negative thoughts

Overcome your negative thoughts in 5 simple steps

To be productive, you need to derive meanings from your thoughts instead of being anxious, depressed, or concerned.

Many times in life, you face situations when your mind is congested with random thoughts. It is safe to assume that at these instances your productivity is at the lowest as your focus is crippled by intrusive thoughts you can’t shake off. Such troubling thoughts can be a reflection of concerns that need to be addressed. Yes, it is a good habit to introspect, but it is equally harmful to overthink at the hinge of negative thoughts that make you stressed, anxious, and unproductive.

What you think has a direct impact on your wellbeing. Like the writer, Israelmore Ayivor once said, “Your thoughts carry you wherever you want to go. Weak thoughts don’t have the energy to carry you far.” If you continue to dwell on negative thoughts, your productivity in daily life gets compromised.  To act productively, you have to derive meanings from your thoughts instead of being anxious, depressed, or concerned. This can only happen when you put the negativities in your mind to rest. Here’s how you can do it:

Search for positive perspectives

There’s a famous saying, “An empty mind is a devil’s workshop.” When you are idle, your mind dwells on thoughts that can be diverse in nature. These can be random thoughts that are always in your subconscious mind, but your head processes them only when you are inactive. Suppose you are enjoying the sunset on your balcony with a cup of coffee on a fine Sunday evening. Suddenly you remember the project that you have been working on, whose report you have to submit on Monday. Your mind starts spinning negative thoughts like “What if I cannot do it?” “What if it gets rejected?” “My promotion will go for a toss.” This is when you need to stop thinking and breathe. Turn on the switch for your positive thoughts. Think of all those long hours, revisions, and efforts you put into your project. Remind yourself that giving your best is all that matters. Such positive perspectives can easily vaporise your negativity.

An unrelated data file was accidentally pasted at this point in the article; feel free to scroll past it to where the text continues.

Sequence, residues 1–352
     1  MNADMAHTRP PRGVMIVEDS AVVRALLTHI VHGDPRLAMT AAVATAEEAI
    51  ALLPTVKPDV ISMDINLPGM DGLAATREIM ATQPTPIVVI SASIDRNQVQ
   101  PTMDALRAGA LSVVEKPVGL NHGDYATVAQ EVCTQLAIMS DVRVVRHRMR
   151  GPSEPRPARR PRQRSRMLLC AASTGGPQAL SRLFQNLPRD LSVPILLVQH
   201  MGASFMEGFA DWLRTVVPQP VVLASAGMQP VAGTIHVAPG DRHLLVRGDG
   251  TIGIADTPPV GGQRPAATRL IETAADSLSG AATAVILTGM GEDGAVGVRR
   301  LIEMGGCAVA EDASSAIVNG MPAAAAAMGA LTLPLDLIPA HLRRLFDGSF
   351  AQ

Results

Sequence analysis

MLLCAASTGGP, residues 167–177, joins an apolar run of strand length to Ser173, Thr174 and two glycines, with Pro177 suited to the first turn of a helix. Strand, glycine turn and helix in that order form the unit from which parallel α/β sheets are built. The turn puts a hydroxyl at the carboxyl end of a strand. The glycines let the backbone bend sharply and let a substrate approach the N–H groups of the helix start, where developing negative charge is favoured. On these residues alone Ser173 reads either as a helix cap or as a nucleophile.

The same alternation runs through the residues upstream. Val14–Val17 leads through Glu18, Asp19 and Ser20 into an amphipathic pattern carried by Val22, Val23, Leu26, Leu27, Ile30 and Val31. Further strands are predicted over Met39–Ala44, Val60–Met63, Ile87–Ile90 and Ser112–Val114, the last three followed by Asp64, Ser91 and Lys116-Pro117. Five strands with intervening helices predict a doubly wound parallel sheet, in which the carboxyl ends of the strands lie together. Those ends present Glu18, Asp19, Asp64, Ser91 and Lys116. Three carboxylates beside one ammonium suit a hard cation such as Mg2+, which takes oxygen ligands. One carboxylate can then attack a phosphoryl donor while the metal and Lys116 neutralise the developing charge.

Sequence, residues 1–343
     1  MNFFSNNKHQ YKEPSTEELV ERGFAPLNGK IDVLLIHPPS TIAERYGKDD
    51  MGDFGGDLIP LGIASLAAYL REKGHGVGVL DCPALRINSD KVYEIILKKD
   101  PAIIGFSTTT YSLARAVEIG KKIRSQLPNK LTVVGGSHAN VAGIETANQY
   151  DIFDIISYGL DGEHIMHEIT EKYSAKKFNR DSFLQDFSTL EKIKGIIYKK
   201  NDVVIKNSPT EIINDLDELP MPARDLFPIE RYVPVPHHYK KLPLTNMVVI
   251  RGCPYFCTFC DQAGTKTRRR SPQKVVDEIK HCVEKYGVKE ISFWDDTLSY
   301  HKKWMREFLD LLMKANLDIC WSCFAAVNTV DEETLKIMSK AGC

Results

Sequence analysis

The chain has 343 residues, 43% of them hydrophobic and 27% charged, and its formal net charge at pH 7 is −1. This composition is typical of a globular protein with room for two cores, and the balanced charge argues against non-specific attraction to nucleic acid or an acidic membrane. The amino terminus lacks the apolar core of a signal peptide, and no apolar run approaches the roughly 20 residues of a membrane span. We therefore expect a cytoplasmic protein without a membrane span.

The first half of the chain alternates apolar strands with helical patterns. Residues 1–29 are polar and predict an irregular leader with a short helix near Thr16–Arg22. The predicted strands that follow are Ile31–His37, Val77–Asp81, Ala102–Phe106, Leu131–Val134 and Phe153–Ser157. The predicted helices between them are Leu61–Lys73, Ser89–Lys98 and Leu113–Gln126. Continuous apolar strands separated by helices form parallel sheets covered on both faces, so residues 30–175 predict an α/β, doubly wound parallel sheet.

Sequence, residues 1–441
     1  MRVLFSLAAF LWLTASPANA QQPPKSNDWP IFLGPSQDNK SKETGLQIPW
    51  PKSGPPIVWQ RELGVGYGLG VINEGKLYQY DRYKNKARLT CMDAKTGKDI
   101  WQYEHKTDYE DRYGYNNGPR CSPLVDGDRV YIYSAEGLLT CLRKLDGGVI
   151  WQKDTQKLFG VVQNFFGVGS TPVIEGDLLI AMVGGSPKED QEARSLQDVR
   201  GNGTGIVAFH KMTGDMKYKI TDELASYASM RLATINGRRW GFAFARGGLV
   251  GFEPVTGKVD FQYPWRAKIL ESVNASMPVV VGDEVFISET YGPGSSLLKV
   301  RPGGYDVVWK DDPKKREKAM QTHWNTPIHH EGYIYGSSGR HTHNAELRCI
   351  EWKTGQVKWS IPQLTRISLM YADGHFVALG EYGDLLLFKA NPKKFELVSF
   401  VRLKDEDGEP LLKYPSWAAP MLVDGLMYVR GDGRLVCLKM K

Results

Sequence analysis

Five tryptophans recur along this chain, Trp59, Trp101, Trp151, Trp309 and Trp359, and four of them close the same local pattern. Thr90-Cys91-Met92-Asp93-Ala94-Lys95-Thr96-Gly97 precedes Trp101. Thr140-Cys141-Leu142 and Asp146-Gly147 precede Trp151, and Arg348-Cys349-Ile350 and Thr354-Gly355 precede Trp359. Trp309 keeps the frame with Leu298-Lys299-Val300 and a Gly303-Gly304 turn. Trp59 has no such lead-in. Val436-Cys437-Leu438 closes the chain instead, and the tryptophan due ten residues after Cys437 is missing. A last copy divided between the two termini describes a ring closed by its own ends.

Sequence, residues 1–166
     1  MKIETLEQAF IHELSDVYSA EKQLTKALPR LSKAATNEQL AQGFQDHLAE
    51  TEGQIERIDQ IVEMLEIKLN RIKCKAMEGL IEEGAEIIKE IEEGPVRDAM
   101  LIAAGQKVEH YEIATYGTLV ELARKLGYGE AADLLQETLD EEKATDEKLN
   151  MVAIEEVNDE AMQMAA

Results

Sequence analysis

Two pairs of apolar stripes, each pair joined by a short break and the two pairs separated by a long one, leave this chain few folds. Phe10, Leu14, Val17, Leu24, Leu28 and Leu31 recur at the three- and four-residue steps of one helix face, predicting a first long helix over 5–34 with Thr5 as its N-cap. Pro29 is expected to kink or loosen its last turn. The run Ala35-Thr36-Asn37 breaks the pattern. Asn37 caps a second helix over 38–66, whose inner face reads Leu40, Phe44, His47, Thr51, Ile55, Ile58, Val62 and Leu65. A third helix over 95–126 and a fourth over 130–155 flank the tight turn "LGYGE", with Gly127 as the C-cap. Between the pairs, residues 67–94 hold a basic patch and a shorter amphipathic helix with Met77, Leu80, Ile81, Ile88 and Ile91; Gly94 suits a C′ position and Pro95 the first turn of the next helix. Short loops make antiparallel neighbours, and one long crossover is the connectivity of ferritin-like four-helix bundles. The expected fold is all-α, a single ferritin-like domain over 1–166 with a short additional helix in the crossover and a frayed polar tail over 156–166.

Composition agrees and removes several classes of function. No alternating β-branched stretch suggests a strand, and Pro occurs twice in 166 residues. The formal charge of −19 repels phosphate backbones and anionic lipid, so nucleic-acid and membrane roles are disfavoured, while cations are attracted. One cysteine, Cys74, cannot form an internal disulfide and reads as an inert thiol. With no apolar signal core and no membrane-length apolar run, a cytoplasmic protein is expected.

Change your environment

Often, when you are worried, you choose to isolate yourself from the world. You assess the situation to be more complex than it is and conclude that isolation or silence is the best refuge you can find. In reality, however, seclusion can make things worse as it further feeds your negativity. Instead, consider a shift in your environment. Isolation does not help, but a change of scene can. Go for a walk, hear the vehicles passing by, watch the hawkers push their carts on the road, or visit your favourite restaurant. When you change your environment, your mind hops to a different frequency, away from negativity.

Write down your thoughts

Writing is one of the most effective ways to track your mood—which is nothing but a combination of your feelings and thoughts. When you write down what you are thinking, you can see the patterns in your thoughts, whether they are positive or negative. Read aloud what you have written. This will not only help you understand your thoughts better but bring fresh perspectives too. By doing so, you can see the irrationality in your thoughts clearly and take action to address what’s bothering you. That’s why you are better equipped to quell the negativity in your thoughts when you write them down first.

Practice laughter therapy

Laughter is like a vacation for your mind. When you laugh, you subconsciously defeat all the negativities blowing in your mind. That is why many experts advice laughter therapy to those struggling with stress and anxiety. And the best thing about laughter therapy is that you can laugh without any reason and it still works. You might have seen morning joggers laughing in a park, as they raise their hands in the air. That’s laughter therapy that enables you to kick-start your day with joy and positivity.

When you laugh, your brain registers the activity and releases ‘happy hormones’ to make you stress-free. In his book, 59 seconds: Change Your Life In Under A Minute, author Richard Wiseman writes those who use humour spontaneously to cope with stress have healthier immune systems, and are 40 percent less prone to suffer a heart attack. So, when negative thoughts try to take over, laugh out loud—even when you don’t feel like to.

Sweat it out

When your mind is filled with worries and you are scared for what tomorrow holds for you, put a break on your thoughts. The more you think about a problem, the more complex it becomes. Instead of letting your emotions run amok, try to indulge in physical activity. Regular exercise or yoga is the best way to put your negative thoughts to rest. When you run, jog, or stretch, your mind becomes focused and distant from your problems. Emotions like anger, jealousy, and sadness get replaced by joy, confidence, and calmness when you exercise daily.


How can I overcome negative thoughts?

Focus on positive perspectives and change your environment.

What can I do to track and address my negative thoughts?

Write them down and analyze the patterns.

How can laughter help in dealing with negative thoughts?

Laughter therapy can release “happy hormones” and reduce stress.

What activities can help me put negative thoughts to rest?

Engage in physical activity, such as exercise or yoga.


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